If you’re friends with any teenaged girls on social media, you may have heard about #AlexFromTarget.
Of course, so many people got to talking about the latest viral social media meme featuring Alex Laboeuf, a Target employee from Frisco, Texas, with a perfect jawline and a dreamy side swept mop, you may have heard about #AlexFromTarget even if you don’t keep up with what teenaged girls are talking about.
Here’s what we know: On Sunday, Nov. 2, a Twitter user named @auscalum tweeted a photo of a cute young man, minding his own business, just working at Target.
His name tag identified him as Alex.
According to Topsy, by that same evening, plenty of people on Twitter were talking about “Alex from Target.”
They weren’t all swooning teenagers … but plenty were. And, as #AlexFromTarget picked up steam, it turned into a full-on meme with plenty of funny variations and jokes.
But Alex was the star. He was tweeted about more than a million times in a matter of days.
(Naturally, a good many people also were talking about Alex to complain about someone becoming Internet famous just for being attractive. Can you imagine?! The humanity!)
Adweek speculated on whether Target should put Alex in actual ad campaigns (the consensus seemed to be: “If Alex can handle it”).
Target responded (their Alex tweet received, last we checked, more than 29,000 retweets and 45,000 favorites).
And we might have let it go at that, but it turns out, as has so often been the case lately, reports surfaced that this “organic,” “viral” social media fad may have had some engineering behind it.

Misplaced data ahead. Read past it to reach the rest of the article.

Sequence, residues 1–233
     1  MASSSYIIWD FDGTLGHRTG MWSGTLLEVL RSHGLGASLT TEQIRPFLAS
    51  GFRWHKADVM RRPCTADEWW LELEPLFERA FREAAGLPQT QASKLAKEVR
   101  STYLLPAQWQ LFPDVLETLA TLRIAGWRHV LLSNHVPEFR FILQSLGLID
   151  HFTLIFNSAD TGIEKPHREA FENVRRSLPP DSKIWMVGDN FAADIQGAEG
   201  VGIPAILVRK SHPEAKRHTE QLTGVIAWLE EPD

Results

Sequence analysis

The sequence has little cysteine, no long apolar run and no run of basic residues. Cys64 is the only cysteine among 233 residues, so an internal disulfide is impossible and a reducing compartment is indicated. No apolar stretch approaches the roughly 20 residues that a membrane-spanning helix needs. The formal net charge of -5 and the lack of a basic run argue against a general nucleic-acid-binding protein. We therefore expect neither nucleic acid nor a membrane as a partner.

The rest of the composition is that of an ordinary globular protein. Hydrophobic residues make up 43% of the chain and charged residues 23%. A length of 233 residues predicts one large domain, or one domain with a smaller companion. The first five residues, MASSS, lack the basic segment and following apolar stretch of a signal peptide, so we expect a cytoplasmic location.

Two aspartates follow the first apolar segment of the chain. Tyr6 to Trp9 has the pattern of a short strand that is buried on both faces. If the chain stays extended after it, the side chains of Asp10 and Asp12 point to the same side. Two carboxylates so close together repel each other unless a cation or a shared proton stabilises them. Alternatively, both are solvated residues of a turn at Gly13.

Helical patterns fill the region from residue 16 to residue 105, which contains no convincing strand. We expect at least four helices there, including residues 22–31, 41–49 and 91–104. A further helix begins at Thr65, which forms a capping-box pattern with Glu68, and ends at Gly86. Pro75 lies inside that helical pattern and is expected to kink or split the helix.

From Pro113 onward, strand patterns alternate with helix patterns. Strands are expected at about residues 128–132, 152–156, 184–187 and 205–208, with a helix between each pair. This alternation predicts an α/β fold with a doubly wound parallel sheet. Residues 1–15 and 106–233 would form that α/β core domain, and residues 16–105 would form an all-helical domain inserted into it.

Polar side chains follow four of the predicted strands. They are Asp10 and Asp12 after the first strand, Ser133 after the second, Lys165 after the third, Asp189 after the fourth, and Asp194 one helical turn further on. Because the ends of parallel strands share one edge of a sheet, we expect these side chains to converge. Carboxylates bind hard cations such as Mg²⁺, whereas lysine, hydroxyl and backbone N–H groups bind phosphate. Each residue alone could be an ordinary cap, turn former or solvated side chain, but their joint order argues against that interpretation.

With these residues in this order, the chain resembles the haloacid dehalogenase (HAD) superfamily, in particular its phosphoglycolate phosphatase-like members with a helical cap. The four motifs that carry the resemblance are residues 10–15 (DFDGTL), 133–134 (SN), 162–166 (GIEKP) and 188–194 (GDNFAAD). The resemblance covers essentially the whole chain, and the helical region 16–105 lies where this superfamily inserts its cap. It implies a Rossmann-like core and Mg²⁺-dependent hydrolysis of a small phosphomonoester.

Claiming Credit for Viral Social Media?
Breakr CEO Dil-Domine Jacobe Leonares wrote a LinkedIn post about the campaign, titled “#AlexFromTarget: The Power of Fangirls.”
The post says the company had fun with the hashtag after “one of our fangirls from Kensington, UK” posted the picture of Alex on Twitter.
After spreading the word amongst our fangirl followers to trend #AlexFromTarget, we started adding fuel to the fire by tweeting about it to our bigger YouTube influencers.
The claim was that Target wasn’t involved; it was just an experiment.
But the story gets muddier from here. The fangirl from the UK who has largely been credited with first sharing the photo on Twitter claims she does not work with Breakr and doesn’t know anything about the company.
Buzzfeed did a follow up story with an interview from Leonares, and the Breakr founder made more refuted claims about collaboration with people originally involved in the meme.
So What the Heck Happened?
Unfortunately, I can’t give you answers to that.
Did Breakr pile on when they saw an interesting viral social media trend gaining traction?
Did they try to take undue credit for the viral sensation in order to generate attention, and, perhaps, investors?
I wouldn’t be surprised if that’s the case.
But chances are, Leonares will pay for that attempt.
Many girls who participated in the phenomenon (not sure whether they’re “fangirls”) are already taking to Twitter to bash the company for trying to take credit for the meme.
As muddy as the story is, a few things seem clear to me:
- We still have a hard time tracking viral social media messages and really understanding where they came from and how they spread. It’s no surprise, then, that it’s so difficult to explain to clients that one doesn’t just “go viral.”
- Newsjacking is one thing, but trying to take credit for a viral social media trend you didn’t create is a terrible idea (click to tweet).
Target and Alex are the winners here. They’re both going to be just fine.